United 93

I hesitate to reference The Delta Force here. I can already hear the anger rising out of readers, “That ’80s action movie-loving motherfucker can’t even let it rest and respect something serious for once!” But if you’ll remember, before Chuck Norris and Lee Marvin start machine- gunning and motorcycle-rocketing everything, the 1986 Menahem Golan picture shows sobering realism and nuance in its depiction of the hijacking of a commercial airliner by Arab terrorists. Obviously, “United 93” goes further by fully committing to this stance instead of turning into a shoot-em-up halfway through, and the fact that the events on screen are taken straight from recent history makes it all the more gut-wrenching.

Director Paul Greengrass applies the same documentary-like aesthetic he did in “Bloody Sunday” and “Omagh” (which he didn’t direct, but wrote and produced), both about violent events in Ireland. The British filmmaker now turns his camera towards America and the events of September 11, 2001 in general and the fate of the United 93 flight in particular. With loose yet precise, nervous yet unflinching cinematography, the film puts the audience right there with the characters, be it the terrorists, the passengers and the crew onboard or the air traffic controllers and military personnel watching helplessly from their ironically-named “control” centres.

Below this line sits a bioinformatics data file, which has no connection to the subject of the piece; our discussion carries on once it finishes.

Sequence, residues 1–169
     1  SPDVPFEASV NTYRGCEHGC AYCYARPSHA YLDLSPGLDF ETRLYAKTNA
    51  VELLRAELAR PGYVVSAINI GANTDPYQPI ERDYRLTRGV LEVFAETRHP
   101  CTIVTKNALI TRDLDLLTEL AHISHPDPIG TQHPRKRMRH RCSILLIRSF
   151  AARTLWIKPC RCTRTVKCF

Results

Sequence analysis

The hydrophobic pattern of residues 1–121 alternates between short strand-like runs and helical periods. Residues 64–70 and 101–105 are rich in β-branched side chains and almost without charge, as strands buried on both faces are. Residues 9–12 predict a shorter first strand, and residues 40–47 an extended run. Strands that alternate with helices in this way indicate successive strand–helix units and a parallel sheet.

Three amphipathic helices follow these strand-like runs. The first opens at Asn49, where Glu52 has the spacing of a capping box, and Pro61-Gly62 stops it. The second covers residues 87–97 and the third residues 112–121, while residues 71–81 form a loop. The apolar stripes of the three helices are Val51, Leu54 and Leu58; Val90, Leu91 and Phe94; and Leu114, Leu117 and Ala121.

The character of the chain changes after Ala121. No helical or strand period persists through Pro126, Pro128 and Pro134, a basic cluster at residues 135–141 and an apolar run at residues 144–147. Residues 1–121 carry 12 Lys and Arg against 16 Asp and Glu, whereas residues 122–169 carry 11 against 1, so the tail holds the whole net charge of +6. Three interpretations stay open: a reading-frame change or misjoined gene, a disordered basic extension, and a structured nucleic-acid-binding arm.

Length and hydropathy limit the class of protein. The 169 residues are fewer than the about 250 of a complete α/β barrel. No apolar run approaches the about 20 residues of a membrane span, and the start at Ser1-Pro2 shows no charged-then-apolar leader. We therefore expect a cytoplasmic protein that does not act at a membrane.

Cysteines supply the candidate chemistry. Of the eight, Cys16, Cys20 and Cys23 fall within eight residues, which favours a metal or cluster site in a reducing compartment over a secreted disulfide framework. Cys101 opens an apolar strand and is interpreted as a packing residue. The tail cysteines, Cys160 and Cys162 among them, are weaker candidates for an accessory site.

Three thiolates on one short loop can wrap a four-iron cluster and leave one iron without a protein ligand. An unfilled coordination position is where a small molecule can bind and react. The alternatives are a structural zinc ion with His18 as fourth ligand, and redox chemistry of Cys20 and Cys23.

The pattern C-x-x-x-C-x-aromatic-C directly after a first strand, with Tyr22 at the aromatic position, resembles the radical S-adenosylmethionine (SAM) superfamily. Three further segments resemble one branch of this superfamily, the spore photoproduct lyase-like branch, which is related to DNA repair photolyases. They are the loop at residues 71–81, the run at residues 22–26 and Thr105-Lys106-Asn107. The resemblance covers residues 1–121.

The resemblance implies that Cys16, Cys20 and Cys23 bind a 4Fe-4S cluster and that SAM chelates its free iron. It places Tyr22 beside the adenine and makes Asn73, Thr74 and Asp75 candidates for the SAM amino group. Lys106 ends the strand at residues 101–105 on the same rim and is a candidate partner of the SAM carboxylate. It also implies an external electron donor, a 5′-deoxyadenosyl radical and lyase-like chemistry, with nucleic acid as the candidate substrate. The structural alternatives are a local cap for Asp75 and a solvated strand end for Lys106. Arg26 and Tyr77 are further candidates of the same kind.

No background, politics or motivations are involved, just seemingly ordinary people who end up doing extraordinary things (good or evil). The characters and the circumstances are developed only through the broad strokes and the details of what occurs during those two hours, which are shown more or less in real time. The hijackers are not demonized – what they do is clearly wrong, but they’re not made into monsters. Likewise, the passengers who eventually thwart the terrorists’ plot are not made into bigger than life heroes like, say, Chuck Norris or Lee Marvin. They’re regular folks, desperate and confused, who somehow manage to find courage through fear.

The scenes on the ground are equally intense, as they put us back in the chaos and dismay of that morning, as one then another planes hit the World Trade Center, shortly followed by a hit on the Pentagon and the news that United 93 has also gone off course… This is a “real world” horror yarn, speeding your heartbeat and shortening your breath with nigh-unbearable suspense and zero relapse in tension, let alone comic relief. The movie is claustrophobic as hell, as Greengrass puts you right into that damned plane and won’t let you out. You’re forced to watch as the passengers are brutalized, come to face their own mortality, say their last goodbyes to loved ones over the airphones, argue over what must be done… All until the overwhelming last minutes, where it’s unclear what’s going on – which is fitting since, even without getting into the conspiracy theories, no one knows for sure what happened exactly before the crash in that Pennsylvania field. Except those who died that day.